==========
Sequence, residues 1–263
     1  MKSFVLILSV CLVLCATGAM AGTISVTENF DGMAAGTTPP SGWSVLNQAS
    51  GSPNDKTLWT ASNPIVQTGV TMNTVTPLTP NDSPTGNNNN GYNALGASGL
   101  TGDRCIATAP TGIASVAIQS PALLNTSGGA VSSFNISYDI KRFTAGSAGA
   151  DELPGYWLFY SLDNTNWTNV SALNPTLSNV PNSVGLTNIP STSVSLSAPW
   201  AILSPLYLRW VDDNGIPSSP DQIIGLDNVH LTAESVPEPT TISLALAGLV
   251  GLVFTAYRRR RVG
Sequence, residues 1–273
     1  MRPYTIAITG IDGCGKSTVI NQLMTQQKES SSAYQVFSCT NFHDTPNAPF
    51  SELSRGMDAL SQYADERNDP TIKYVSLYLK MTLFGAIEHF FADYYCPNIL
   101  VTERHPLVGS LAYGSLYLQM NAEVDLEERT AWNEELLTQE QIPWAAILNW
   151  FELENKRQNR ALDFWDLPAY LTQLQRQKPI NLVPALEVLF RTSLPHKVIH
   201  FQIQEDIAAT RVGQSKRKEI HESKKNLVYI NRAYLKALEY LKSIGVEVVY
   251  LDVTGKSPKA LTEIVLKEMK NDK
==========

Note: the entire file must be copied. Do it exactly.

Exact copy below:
Sequence, residues 1–263
     1  MKSFVLILSV CLVLCATGAM AGTISVTENF DGMAAGTTPP SGWSVLNQAS
    51  GSPNDKTLWT ASNPIVQTGV TMNTVTPLTP NDSPTGNNNN GYNALGASGL
   101  TGDRCIATAP TGIASVAIQS PALLNTSGGA VSSFNISYDI KRFTAGSAGA
   151  DELPGYWLFY SLDNTNWTNV SALNPTLSNV PNSVGLTNIP STSVSLSAPW
   201  AILSPLYLRW VDDNGIPSSP DQIIGLDNVH LTAESVPEPT TISLALAGLV
   251  GLVFTAYRRR RVG
Sequence, residues 1–273
     1  MRPYTIAITG IDGCGKSTVI NQLMTQQKES SSAYQVFSCT NFHDTPNAPF
    51  SELSRGMDAL SQYADERNDP TIKYVSLYLK MTLFGAIEHF FADYYCPNIL
   101  VTERHPLVGS LAYGSLYLQM NAEVDLEERT AWNEELLTQE QIPWAAILNW
   151  FELENKRQNR ALDFWDLPAY LTQLQRQKPI NLVPALEVLF RTSLPHKVIH
   201  FQIQEDIAAT RVGQSKRKEI HESKKNLVYI NRAYLKALEY LKSIGVEVVY
   251  LDVTGKSPKA LTEIVLKEMK NDK